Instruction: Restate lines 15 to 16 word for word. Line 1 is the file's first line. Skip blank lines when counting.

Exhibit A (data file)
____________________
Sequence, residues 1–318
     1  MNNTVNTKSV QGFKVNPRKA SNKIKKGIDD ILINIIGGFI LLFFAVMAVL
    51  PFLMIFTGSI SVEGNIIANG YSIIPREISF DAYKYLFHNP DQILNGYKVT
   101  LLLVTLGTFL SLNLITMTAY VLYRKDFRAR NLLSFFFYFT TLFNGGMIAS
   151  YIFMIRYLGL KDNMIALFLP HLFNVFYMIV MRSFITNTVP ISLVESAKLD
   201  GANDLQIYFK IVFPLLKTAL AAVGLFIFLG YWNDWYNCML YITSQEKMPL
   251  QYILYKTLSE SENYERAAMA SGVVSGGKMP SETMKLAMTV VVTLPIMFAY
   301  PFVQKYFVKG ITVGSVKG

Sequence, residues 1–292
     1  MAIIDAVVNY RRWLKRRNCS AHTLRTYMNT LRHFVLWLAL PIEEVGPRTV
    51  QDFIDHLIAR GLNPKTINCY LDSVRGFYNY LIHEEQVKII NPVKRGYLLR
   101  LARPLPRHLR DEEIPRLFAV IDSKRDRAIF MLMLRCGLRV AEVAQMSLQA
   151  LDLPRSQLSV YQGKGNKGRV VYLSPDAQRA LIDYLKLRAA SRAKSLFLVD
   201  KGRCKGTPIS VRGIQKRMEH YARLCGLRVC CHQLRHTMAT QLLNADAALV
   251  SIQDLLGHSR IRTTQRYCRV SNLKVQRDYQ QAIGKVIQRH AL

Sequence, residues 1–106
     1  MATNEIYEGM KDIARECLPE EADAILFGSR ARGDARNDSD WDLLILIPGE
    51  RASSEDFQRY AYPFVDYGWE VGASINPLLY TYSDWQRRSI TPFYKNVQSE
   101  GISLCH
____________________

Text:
   251  SIQDLLGHSR IRTTQRYCRV SNLKVQRDYQ QAIGKVIQRH AL

Sequence, residues 1–106